Three cosy British breaks

Chris Carter looks at three cosy hotels in Britain in which to escape the winter chill.

Ston Easton Park: live the life of a grand noble for a weekend

Britain gets unfairly overlooked for winter breaks, despite boasting the sort of architecture and scenery that exudes cosiness, says Abigail Chandler in the Metro. Take Ston Easton Park, for example. A short drive from the Mendip Hills in Somerset, this hotel, opened in 1982, has stayed true to its 18th-century roots. You will feel "like you're staying in the home of some grand noble, taking tea in the library (with its original bookshelves) and admiring the antique furniture and paintings".

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The hotel "feels lived-in and cosy", and you're free to explore the "downstairs" rooms, such as the original kitchen, at your leisure. Landscape architect Humphry Repton laid out the grounds in the 1700s. They are in the process of being restored to their former glory and have a "picturesque" river running through them and private woodland.

From £129

A bracing walk in the Lakes

The area around Ullswater in Cumbria is practically deserted in winter, says Alessia Horwich in The Sunday Times. "Snow-topped peaks surround the glassy lake and the mountains blush pink as the sun sets." For a brisk walk, head to the Ullswater Way at Pooley Bridge.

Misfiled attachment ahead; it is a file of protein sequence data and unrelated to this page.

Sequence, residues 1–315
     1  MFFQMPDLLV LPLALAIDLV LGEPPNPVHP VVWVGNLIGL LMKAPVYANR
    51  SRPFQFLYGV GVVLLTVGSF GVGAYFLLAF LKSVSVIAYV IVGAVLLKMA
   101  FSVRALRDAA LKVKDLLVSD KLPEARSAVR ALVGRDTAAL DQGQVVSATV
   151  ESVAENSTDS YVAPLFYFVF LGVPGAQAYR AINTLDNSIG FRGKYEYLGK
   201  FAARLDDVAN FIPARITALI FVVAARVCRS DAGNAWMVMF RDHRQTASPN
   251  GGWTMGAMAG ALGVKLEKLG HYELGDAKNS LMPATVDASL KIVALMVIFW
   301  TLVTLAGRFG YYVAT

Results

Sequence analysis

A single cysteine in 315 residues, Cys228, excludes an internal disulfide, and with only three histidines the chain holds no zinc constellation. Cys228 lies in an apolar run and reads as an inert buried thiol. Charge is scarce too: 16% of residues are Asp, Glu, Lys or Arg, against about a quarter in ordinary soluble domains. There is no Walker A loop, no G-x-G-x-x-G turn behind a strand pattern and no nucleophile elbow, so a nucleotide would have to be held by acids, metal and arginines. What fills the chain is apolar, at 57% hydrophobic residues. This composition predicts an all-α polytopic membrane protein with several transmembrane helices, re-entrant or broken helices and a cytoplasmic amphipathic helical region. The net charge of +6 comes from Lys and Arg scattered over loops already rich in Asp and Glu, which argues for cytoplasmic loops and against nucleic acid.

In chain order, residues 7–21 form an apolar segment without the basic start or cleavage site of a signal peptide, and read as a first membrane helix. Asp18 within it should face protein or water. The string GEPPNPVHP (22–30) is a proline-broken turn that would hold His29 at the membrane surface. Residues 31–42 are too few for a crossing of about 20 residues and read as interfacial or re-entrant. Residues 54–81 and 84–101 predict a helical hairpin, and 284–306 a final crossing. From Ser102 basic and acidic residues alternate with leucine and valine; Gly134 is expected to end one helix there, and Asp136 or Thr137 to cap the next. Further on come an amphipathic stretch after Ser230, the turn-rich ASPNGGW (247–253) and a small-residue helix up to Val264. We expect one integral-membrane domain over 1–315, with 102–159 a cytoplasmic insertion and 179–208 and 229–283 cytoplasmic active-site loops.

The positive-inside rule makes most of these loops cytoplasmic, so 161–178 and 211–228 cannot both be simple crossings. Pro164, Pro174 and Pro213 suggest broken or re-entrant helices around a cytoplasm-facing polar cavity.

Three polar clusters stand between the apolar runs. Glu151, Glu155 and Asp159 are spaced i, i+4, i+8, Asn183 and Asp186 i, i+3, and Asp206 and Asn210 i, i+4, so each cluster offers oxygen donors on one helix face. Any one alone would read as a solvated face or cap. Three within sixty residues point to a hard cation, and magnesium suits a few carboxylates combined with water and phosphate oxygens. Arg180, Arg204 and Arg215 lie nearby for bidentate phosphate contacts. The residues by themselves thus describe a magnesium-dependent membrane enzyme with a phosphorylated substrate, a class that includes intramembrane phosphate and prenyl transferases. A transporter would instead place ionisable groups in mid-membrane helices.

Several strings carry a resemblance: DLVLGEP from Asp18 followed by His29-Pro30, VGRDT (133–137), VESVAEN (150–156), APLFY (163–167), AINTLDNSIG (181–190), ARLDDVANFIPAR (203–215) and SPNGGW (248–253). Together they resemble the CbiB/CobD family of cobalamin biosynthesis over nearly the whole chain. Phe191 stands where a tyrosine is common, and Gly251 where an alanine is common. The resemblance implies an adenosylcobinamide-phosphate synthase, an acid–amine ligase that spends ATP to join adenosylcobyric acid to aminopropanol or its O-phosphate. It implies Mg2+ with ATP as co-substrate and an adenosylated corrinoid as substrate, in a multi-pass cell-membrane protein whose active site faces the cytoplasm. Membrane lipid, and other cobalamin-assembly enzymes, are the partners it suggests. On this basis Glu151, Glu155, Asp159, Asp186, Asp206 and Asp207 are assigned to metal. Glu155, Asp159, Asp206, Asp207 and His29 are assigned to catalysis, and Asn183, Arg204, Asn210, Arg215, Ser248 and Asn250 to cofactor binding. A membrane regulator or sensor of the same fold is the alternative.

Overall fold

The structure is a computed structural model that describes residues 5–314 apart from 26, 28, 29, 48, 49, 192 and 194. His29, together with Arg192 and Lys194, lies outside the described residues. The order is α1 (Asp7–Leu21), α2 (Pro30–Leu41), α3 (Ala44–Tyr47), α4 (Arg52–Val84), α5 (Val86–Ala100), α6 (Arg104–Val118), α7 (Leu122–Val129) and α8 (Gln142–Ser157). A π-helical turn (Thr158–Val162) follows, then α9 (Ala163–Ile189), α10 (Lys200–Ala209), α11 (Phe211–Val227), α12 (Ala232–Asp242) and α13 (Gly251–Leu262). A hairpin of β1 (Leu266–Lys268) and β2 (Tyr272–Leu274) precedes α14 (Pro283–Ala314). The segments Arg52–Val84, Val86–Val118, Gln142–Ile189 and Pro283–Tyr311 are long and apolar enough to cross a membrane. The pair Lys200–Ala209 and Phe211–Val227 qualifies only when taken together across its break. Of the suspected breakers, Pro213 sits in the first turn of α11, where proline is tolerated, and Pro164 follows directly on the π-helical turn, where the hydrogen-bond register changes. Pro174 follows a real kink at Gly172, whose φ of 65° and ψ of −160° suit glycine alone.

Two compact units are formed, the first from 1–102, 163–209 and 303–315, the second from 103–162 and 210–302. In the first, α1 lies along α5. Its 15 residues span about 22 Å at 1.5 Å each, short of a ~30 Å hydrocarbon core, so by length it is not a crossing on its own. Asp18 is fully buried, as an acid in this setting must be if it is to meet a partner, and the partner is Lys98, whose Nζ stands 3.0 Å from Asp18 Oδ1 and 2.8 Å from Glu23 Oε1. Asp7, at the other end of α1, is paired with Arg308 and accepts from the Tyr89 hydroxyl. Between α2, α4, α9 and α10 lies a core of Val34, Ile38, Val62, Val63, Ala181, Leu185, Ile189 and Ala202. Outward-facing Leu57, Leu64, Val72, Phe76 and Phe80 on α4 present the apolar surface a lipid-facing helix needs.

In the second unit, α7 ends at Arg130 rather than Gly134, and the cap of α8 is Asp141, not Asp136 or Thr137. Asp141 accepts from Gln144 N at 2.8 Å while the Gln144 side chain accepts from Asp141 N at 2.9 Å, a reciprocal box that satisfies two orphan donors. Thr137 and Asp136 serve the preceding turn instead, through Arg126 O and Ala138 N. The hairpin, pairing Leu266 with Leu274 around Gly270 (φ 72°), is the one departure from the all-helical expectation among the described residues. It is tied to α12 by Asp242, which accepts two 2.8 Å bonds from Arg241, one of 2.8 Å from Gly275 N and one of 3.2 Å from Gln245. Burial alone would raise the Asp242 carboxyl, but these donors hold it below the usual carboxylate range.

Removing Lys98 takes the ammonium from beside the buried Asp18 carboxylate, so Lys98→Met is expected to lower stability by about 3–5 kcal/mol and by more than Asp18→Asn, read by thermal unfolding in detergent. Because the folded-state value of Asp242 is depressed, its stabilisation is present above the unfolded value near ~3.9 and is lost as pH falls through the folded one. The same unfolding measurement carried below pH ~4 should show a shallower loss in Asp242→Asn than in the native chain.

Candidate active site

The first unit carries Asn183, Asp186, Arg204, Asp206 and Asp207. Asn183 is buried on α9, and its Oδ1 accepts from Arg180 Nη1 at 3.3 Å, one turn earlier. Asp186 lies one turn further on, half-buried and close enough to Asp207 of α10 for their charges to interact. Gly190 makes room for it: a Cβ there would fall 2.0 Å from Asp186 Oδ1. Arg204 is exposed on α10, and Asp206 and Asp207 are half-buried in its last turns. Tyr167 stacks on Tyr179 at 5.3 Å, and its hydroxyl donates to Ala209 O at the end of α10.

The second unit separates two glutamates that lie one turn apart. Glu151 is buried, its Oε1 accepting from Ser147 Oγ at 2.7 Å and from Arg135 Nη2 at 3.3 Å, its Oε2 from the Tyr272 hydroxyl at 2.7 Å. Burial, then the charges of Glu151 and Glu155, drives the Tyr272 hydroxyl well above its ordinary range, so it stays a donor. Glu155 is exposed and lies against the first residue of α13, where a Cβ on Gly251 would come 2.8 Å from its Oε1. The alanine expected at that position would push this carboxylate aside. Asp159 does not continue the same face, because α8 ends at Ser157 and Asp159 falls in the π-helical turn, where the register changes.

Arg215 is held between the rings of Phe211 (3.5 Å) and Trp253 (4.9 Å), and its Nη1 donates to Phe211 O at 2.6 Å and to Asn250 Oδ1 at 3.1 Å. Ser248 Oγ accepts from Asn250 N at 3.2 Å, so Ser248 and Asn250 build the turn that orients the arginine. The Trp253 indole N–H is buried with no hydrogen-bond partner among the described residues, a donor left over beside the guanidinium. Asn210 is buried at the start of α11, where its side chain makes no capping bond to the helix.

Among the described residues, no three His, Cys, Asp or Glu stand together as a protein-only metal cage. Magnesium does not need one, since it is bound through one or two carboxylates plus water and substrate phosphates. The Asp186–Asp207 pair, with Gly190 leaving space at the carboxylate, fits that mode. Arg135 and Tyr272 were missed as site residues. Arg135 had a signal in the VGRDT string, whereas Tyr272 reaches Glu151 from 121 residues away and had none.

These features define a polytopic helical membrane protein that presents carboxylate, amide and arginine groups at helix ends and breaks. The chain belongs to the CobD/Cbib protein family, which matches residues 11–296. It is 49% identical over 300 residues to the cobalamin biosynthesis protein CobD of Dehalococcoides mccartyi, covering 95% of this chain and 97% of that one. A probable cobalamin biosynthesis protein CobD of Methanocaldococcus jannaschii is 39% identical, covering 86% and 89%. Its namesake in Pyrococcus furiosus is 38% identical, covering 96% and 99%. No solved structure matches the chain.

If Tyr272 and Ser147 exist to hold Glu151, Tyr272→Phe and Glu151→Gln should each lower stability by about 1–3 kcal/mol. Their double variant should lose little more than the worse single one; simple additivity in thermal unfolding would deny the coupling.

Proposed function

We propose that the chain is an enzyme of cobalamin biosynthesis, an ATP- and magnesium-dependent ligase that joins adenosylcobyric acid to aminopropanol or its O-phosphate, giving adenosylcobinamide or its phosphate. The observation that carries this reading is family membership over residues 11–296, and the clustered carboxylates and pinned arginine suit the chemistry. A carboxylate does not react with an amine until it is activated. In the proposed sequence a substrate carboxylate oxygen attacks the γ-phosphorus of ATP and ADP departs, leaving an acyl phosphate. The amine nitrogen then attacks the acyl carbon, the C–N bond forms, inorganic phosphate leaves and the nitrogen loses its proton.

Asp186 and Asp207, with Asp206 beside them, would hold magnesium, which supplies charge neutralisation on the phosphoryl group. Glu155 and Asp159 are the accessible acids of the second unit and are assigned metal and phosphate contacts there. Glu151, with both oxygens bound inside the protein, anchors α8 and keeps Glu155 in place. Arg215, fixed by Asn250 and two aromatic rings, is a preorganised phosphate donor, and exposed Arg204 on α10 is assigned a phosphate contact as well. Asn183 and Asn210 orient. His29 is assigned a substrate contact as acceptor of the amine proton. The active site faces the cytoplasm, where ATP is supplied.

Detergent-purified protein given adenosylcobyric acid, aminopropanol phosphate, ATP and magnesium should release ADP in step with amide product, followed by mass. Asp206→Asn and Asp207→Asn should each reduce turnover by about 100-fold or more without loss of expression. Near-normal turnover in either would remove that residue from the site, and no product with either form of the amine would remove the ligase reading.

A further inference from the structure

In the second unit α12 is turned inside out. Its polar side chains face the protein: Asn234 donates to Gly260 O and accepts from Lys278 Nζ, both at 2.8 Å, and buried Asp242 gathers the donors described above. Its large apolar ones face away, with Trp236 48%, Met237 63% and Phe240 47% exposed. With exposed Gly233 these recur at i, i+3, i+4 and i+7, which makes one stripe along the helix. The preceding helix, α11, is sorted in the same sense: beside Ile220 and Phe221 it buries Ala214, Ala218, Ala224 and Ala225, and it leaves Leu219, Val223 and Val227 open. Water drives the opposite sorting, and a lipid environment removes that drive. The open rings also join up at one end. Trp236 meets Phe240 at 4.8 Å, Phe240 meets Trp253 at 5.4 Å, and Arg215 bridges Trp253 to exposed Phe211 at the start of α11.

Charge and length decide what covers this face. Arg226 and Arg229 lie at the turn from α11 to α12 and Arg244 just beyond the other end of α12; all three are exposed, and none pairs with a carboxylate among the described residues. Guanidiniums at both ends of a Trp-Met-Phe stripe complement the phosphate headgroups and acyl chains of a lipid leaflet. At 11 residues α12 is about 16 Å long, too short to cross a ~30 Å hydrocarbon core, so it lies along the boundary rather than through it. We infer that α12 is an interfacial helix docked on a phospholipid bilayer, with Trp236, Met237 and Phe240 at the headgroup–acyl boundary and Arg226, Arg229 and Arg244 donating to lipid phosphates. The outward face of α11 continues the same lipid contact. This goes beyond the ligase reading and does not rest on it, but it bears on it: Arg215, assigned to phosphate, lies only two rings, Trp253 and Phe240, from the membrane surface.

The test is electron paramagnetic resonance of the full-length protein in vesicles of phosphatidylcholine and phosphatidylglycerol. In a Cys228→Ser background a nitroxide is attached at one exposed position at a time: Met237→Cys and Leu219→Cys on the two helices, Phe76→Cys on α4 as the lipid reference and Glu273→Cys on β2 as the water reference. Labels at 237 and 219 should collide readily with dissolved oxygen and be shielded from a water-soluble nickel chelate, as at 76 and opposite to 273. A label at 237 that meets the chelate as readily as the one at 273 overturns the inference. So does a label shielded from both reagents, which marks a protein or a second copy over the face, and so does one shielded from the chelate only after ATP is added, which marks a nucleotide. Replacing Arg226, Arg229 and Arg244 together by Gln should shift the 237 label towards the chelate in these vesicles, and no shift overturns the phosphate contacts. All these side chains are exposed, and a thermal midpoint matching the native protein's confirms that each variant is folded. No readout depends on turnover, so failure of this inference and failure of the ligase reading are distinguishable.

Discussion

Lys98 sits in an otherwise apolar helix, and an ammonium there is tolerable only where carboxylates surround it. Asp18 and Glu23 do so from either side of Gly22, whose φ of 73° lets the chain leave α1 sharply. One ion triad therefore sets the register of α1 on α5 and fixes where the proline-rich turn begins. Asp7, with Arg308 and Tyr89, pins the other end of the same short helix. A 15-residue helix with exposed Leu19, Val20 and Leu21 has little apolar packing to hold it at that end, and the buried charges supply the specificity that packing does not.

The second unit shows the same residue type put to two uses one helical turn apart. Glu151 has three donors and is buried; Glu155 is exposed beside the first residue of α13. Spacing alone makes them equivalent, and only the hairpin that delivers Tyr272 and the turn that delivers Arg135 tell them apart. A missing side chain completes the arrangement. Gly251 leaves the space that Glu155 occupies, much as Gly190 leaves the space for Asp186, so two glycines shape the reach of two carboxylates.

Stop off at the Pooley Bridge Inn, then hike to Maiden Castle, and then on to the "powerful" Aira Force waterfall. Afterwards, retreat back to the nearby and newly opened Another Place, with its "snug" four-poster beds, waffles for breakfast and a sauna to "chase out the cold". There's also a 65-foot swimming pool with views of the countryside.

Doubles from £160 Another.Place

A romantic cottage near the sea

You may recognise Keats Cottage on the Isle of Wight, say Jane Dunford and Rachel Dixon in The Guardian, from Channel 4's Four in a Bed, the television show where B&B owners vie to be crowned best-value establishment (it fared well, but didn't win). The five-room B&B and restaurant, named after the Romantic poet who stayed and even penned poems here, is located five minutes from the sea at Shanklin.

It is "a true labour of love": the owners David and Ewa Woodward have worked for the likes of Terence Conran, the produce is local, and "the atmosphere is laid back and fun". The New Year's Eve special four-course menu features Polish pierogi (dumplings) and duck breast.

Doubles from £125 (two-night minimum stay)



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